Posted by Anne Gillespie Mitchell on April 1, 2014 in Ask Ancestry Anne, Research

Dear Ancestry Anne,

I’ve been having trouble committing to the set of parents I think I found for my great-grandfather James Henry Myers. I think if I got a second opinion I trust, I’d get over being hesitant to claim this family line. I need to be sure I’m climbing the right tree.

If I accept that James Myers was born in May of 1858, then he would have been 51 in April of 1910 as shown in the attached census. I know from the divorce decree that my great-grandmother divorced him on 7 Jan 1905.

Sounds plausible, right? Why do I hesitate? I got exactly zero DNA cousin matches from this family. Neither did my uncle, one generation closer to James Myers. Either no one from this family has had their DNA tested on Ancestry, or neither I nor my uncle inherited any DNA from the direct Myers line. The other thing that bothers me is the court order that committed James Myers to the Poor House has the middle initial S instead of H, and it lists his age as 45 instead of 49 (he was committed 3 Feb 1908). My explanation is that he was probably malnourished and dehydrated and possibly slurred his speech to whoever collected his vital information in the first place.

Please help.

Many thanks for all you do at

Artemis OakGrove

Dear Artemis,

You have 3 questions here and all of them are good.

  1. Why are there no Myers cousins showing up in your DNA?
  2. Does the Court Order have inaccuracies in it?
  3. Are James and Susan Myers the parents of James H. Myers?

Why are there no Myers cousins showing up in your DNA?

It very may well be, as you suggest, that there are no Myers cousins that have taken the AncestryDNA test yet.  Also, you have about 50% of your father’s DNA, 25% of your grandfather’s DNA and about 12.5% of your great grandfather’s DNA.  Not all of your great grandfather’s descendants are going to match you. You wisely chose to have your Myers uncle tested and it is highly likely that he has more of your great grandfather’s DNA and might make more matches as new cousins get tested.  Anna Swayne’s article Understanding Patterns of Inheritance: Where Did My DNA Come From? (And Why It Matters) will give you more information. 

Does the Court Order have inaccuracies in it?

Does the Court Order say who the informant is?  Unless you know who it is and how well he knew your great grandfather, you can’t really assess if the informant even knew his middle initial or his age. And if it was your great grandfather giving the information, the information could have be written down incorrectly, or as you suggest he could have been confused at the time.  The more evidence you gather about James, the better case you will be able to make whether the 1910 census and the Court Order match.

Are John and Sarah Myers the parents of James H. Myers?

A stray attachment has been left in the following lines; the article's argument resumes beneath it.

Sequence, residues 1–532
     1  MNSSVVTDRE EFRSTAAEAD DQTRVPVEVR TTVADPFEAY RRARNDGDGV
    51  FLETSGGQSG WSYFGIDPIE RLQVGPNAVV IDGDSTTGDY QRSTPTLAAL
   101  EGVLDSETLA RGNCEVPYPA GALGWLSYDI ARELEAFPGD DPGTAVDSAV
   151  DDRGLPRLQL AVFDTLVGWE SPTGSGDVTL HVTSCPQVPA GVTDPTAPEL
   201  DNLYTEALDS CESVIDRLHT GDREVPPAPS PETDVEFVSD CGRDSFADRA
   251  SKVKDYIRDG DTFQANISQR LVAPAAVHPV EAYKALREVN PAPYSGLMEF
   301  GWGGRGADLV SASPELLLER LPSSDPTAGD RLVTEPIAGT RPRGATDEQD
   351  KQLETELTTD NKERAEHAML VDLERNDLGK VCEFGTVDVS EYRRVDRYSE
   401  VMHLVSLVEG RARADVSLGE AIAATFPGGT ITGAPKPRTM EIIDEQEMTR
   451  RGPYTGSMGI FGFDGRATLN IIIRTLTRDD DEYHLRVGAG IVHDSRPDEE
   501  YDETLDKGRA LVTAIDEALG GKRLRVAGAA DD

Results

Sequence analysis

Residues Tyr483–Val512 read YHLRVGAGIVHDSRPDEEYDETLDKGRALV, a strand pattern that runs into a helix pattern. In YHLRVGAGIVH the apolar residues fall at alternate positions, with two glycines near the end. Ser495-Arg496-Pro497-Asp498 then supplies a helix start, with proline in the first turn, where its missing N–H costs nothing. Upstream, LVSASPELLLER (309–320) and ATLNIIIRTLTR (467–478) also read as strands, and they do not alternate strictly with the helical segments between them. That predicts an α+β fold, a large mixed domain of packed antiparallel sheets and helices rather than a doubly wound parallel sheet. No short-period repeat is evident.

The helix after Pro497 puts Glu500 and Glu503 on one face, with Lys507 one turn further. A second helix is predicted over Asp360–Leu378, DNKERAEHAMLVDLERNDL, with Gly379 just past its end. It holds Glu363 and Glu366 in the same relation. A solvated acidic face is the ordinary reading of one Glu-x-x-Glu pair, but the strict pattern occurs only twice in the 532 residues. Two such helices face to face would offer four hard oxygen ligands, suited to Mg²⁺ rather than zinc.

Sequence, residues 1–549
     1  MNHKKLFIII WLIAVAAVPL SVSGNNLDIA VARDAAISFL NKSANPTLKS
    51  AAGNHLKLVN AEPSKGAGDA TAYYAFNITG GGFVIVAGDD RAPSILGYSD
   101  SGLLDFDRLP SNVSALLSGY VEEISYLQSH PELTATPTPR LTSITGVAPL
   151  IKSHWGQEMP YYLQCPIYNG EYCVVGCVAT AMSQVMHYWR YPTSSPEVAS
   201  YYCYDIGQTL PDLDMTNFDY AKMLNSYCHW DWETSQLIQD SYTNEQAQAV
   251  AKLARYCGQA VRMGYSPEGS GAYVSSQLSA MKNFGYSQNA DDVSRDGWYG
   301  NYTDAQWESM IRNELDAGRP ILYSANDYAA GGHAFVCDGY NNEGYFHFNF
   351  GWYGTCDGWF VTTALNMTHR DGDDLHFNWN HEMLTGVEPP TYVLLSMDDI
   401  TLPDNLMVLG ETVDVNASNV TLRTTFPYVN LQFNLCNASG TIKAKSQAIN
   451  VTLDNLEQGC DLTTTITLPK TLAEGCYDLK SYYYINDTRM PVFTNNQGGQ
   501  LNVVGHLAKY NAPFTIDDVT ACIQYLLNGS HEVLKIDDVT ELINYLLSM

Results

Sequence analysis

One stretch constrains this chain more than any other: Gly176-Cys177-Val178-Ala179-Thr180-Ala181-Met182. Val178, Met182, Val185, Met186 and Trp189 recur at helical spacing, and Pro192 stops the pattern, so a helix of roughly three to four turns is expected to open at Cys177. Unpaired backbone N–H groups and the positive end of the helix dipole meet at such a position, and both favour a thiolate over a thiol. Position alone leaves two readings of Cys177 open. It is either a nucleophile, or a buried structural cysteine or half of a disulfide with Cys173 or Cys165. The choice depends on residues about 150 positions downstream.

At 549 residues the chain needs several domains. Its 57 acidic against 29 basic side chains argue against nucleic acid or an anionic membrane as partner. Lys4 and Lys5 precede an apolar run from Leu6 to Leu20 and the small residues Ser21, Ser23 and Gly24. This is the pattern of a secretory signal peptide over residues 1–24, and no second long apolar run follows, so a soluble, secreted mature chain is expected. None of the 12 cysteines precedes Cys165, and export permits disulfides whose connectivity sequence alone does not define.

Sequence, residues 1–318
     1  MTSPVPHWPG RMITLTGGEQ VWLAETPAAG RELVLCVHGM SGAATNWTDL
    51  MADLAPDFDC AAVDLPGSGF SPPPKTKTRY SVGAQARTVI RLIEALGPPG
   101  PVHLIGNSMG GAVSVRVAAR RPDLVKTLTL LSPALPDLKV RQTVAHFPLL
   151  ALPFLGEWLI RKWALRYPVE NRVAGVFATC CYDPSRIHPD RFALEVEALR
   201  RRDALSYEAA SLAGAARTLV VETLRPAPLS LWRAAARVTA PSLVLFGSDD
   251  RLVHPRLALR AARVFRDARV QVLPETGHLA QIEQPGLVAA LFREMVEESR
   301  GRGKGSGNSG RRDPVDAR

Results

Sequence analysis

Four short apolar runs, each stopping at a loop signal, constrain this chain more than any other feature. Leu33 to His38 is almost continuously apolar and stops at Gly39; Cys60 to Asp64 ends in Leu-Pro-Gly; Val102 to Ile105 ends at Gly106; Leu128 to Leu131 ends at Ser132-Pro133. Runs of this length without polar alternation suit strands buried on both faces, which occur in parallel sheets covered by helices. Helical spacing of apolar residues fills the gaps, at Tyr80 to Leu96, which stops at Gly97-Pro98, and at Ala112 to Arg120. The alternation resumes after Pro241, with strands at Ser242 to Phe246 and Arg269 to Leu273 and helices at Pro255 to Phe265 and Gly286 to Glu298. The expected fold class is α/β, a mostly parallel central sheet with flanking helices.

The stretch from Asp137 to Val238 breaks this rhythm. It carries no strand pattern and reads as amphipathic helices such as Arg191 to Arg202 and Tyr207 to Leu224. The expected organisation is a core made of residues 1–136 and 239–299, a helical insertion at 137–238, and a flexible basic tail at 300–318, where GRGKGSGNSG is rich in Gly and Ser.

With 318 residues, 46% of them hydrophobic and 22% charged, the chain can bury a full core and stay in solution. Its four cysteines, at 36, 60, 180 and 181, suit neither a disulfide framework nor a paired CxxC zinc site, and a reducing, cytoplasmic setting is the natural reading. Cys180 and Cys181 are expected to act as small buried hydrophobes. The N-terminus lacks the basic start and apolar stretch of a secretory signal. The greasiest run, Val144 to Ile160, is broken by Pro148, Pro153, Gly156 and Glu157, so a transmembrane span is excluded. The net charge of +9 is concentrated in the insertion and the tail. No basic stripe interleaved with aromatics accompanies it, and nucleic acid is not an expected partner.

Let’s start with the 1900 census record that you mentioned, since that is the one you know to be correct.

James was born in Missouri, Eliza in Germany.  The oldest daughter was born in Kansas (Holt County is very close to Kansas), Amarilla was born in Oregon and the rest were born in Missouri. Oregon strikes me as odd. The census tells us they have been married for 11 years so sometime around 1888 or 1889. Maybe they were married in Missouri, maybe in Kansas.

1900 for James Myers

I did find a marriage license for James H. Meyers and Louisa Cook. Given that Eliza was German she may have had a strong accent and the clerk may not have understood her name. Kuch and Cook may have been pronounce the same. The license is for Dec 1888 and in Oregon, Holt, Missouri which is close in date and location on the 1900 census.

Let’s think about where and when Amarilla and Mary Etta were born.  Mary Etta was born in Dec 1890 in Kansas. Amarilla in Jun 1891 in Oregon. Either Amarilla was very premature, or one of those dates is wrong.

I also wondered at first if Amarilla might have been born in Oregon, Missouri, but I found what are likely to be her other census records and they all say she was born in Oregon. I even found an index that lists her as being born in Oregon. But, it gives her married name.  Now how did they know in 1891 that she was going to marry a Counts? I suspect this is a delayed birth record which brings it into question. It may be right, but there are enough oddities that you are going to need to dig more.

oregon birth

The 1860 record you found may be your James, but it is a long jump from 1900 to 1860. I would take each of James’ and Eliza’s children and research them thoroughly. Maybe somewhere in their information is a clue to an aunt or uncle or cousin of James. And research Eliza’s family as well.

You were very wise to be cautious about committing to this family. While the indicators are there, additional evidence will help you solidify this link. I suggest you read our 5 Steps to a Healthy Tree for how to build a strong case on a hypothesis. Keep digging. The answer is out there.

Happy Searching!


Anne Gillespie Mitchell

Anne Gillespie Mitchell is a Senior Product Manager at She is an active blogger on and writes the Ancestry Anne column. She has been chasing her ancestors through Virginia, North Carolina and South Carolina for many years. Anne holds a certificate from Boston University's Online Genealogical Research Program. You can also find her on Twitter, Facebook and Finding Forgotten Stories.


  1. Shari S

    Thank you for continuing to educate the rapidly growing community of genealogists who want to use DNA to sort out their family tree mysteries. I always look forward to these posts.

    However, I feel that more information is needed in a few areas:

    Artemis writes: “I got exactly zero DNA cousin matches from this family.”

    Actually, “Artemis” has absolutely NO WAY of knowing that, assuming that Artemis is the typical AncestryDNA customer with hundreds of matches without trees or with private trees (and who may not respond to email), or with trees that may be problematic. I think we have all seen trees where there are errors as recent as the gg-grandparent level.

    It’s so easy for people to forget about the gaps – either the gaps in their matches trees or in their own. Those of us who’ve been with Ancestry’s DNA product for awhile have probably all received the dreaded “You don’t have any names I recognize, so we must not be related” reply at least once. Again, thank you for these blog posts that are helping people past misguided thinking like this.